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Freud's Daughter: Louise Bourgeois at the Jewish Museum

Louise Bourgeois, The Destruction of the Father, 1974, latex, plaster, wood, fabric, and red light. Collection Glenstone Museum, Potomac, MD

Coming to the Jewish Museum this spring is an exhibition of artwork by the late French-American artist Louise BourgeoisLouise Bourgeois, Freud’s Daughtercurated by guest curator Philip Larratt-Smith and coordinated by Leon Levy Assistant Curator Shira Backer, explores‌ ‌Bourgeois’s‌ ‌art‌ ‌and‌ ‌writings‌ ‌in‌ ‌light‌ ‌of‌ ‌her‌ ‌complex‌ ‌and‌ ‌ambivalent‌ ‌relationship‌ ‌with‌ ‌Freudian‌ ‌psychoanalysis.‌ The exhibition features approximately 40 artworks from throughout Bourgeois’ career and will be on display from May 21 - September 26, 2021.


Perhaps more than any other twentieth-century artist, Louise Bourgeois produced a body of work that consistently and profoundly engaged with psychoanalytic theory and practice. Bourgeois considered artmaking a form of psychoanalysis and believed that through it she could access the unconscious. In addition to the numerous works on display, this exhibition‌‌ ‌showcases‌ ‌a‌ ‌selection‌ ‌of‌ ‌Bourgeois’s‌ ‌original‌ ‌psychoanalytic‌ ‌writings‌‌—‌many‌ ‌of‌ ‌them‌ ‌never-before-seen by the public. These writings consist of dream journals, notes and other texts that she produced while documenting the intensive psychoanalytic treatment she underwent from 1952 to 1985. Not only do the texts document the effects of the treatment and illuminate the artist's methods and motivations, but they also represent original contributions to the field of psychoanalysis, especially with respect to female sexuality, symbol formation and the nature of the artist.

Among the works presented are the Personages of the late 1940s; the organic forms in plaster and latex of the 1960s; the pivotal installation The Destruction of the Father (1974); Passage Dangereux (1997), the largest of the artist’s Cell installations; and fabric sculptures from the last 15 years of her life.

About Louise Bourgeois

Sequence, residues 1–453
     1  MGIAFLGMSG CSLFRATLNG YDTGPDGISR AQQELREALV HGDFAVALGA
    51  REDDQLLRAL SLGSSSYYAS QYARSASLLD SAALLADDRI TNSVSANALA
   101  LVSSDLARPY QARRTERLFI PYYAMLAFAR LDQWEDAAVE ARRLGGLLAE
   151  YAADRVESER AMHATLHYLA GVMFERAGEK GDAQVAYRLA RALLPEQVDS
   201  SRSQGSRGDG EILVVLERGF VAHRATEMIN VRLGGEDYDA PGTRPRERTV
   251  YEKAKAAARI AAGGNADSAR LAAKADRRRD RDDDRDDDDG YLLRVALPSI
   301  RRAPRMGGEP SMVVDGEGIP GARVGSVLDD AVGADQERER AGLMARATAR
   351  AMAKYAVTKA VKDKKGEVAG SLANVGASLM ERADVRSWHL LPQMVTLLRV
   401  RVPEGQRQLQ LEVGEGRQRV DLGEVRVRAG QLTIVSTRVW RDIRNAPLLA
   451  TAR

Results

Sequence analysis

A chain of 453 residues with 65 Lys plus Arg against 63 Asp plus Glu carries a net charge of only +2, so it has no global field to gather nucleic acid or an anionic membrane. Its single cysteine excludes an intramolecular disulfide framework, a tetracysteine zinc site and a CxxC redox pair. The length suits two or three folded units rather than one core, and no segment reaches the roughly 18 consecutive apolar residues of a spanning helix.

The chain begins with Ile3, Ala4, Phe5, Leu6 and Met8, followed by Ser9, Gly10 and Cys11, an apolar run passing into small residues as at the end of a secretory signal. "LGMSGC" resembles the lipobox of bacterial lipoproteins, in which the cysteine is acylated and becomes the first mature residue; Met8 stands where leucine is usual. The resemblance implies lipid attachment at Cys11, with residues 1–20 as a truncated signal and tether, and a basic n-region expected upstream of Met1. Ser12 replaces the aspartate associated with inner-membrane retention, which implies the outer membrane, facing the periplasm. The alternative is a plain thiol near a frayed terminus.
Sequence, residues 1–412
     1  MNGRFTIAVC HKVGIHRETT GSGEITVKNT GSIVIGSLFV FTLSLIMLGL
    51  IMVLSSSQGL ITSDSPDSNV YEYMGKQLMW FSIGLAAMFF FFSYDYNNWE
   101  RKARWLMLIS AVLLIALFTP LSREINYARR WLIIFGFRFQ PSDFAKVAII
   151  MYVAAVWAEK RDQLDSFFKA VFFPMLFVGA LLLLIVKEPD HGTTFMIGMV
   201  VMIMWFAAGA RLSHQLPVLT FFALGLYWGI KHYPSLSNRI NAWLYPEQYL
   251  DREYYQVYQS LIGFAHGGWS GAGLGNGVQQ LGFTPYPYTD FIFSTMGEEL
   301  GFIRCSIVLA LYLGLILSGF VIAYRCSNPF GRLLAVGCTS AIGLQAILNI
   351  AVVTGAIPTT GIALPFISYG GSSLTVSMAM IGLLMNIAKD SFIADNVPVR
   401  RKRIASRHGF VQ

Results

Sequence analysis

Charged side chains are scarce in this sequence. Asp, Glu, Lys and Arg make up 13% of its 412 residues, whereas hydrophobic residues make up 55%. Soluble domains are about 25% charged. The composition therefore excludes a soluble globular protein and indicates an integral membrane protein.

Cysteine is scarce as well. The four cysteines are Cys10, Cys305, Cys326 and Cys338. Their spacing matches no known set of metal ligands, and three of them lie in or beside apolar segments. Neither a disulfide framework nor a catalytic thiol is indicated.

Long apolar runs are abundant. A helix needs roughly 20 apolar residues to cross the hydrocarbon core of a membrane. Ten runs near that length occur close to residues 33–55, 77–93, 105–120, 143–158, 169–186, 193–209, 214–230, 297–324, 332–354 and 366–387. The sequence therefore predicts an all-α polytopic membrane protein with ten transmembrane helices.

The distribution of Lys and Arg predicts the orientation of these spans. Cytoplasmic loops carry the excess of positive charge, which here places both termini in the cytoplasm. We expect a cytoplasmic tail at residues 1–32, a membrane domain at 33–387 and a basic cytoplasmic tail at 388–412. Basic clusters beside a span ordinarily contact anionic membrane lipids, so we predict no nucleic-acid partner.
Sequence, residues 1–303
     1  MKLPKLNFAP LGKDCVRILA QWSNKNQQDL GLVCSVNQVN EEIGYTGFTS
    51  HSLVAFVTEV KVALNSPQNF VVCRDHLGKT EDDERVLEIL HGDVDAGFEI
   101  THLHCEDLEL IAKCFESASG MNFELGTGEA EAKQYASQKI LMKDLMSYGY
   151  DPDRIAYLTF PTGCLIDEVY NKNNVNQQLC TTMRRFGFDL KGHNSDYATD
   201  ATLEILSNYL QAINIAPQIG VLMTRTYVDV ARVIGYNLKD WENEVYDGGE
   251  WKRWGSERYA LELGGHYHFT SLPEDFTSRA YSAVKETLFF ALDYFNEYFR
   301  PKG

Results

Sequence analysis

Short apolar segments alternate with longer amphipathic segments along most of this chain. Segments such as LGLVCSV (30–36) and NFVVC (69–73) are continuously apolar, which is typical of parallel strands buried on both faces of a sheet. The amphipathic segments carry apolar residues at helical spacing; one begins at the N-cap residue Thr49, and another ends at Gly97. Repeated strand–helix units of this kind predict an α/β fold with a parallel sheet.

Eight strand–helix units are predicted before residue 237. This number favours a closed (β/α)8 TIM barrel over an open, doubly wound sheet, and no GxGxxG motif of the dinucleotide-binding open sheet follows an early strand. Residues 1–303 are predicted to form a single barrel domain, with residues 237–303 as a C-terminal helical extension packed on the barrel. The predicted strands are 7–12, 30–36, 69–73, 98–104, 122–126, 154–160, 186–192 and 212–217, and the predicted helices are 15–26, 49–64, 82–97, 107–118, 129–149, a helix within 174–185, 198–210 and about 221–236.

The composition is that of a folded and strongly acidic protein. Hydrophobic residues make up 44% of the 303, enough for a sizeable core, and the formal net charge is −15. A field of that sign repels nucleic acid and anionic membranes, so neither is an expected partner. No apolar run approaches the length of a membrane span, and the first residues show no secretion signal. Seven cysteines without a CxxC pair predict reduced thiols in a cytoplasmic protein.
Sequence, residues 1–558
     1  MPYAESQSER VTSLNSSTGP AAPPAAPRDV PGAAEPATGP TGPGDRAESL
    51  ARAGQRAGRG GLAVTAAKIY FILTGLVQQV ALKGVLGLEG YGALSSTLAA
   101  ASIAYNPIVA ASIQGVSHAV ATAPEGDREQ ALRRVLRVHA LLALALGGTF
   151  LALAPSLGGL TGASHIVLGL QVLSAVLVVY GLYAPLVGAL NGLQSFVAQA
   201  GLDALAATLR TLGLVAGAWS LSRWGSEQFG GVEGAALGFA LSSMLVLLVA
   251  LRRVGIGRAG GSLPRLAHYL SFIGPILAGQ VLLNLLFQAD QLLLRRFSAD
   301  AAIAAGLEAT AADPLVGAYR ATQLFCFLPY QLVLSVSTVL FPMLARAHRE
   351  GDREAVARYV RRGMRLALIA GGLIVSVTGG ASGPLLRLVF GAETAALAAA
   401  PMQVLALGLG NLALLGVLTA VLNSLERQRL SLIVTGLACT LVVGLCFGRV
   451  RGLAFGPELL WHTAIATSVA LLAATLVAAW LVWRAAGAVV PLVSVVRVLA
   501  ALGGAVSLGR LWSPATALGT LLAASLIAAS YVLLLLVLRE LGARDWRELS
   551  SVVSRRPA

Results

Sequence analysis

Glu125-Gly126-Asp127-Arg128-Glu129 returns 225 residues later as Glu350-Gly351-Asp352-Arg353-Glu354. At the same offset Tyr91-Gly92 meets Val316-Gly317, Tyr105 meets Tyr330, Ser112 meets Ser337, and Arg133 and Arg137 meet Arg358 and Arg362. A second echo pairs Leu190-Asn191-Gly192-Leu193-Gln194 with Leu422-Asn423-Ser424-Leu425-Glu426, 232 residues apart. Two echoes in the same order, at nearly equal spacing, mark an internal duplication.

Louise Bourgeois was born in Paris, in 1911, to parents who ran a tapestry restoration business. A gifted student, she helped out in the workshop by drawing missing elements in the scenes depicted on the tapestries. In 1938, after dabbling in math and then turning to art, she moved to New York with her husband Robert Goldwater. While she initially focused on painting and printmaking, she shifted her focus toward sculpture in the late 1940s. After a long hiatus in which she immersed herself in psychoanalysis, Bourgeois produced an exhibition in 1964 that presented strange, organically shaped plaster sculptures that contrasted the totemic wood pieces she had exhibited earlier. While her idiosyncratic approach did not immediately gain her applause, Bourgeois finally took center stage--at 70 years of age--with a retrospective at The Museum of Modern Art. She continued making art until her death in 2010 because, for her, art was a "guarantee of sanity.” 

Louise Bourgeois as the "mother of spiders". Photo © Peter Bellamy @ www.crystalbridges.com

About the Jewish Museum

Founded in 1904 in the library of the Jewish Theological Seminary, where it was housed for more than four decades, the Jewish Museum is one of the world’s preeminent institutions devoted to exploring art and Jewish culture. Now located on New York City’s Museum Mile, the museum houses a unique collection of nearly 30,000 works of art, ceremonial objects, and media reflecting the global Jewish experience over more than 4,000 years. In addition to exhibitions, the museum also offers lectures, talks, performances and other programming.

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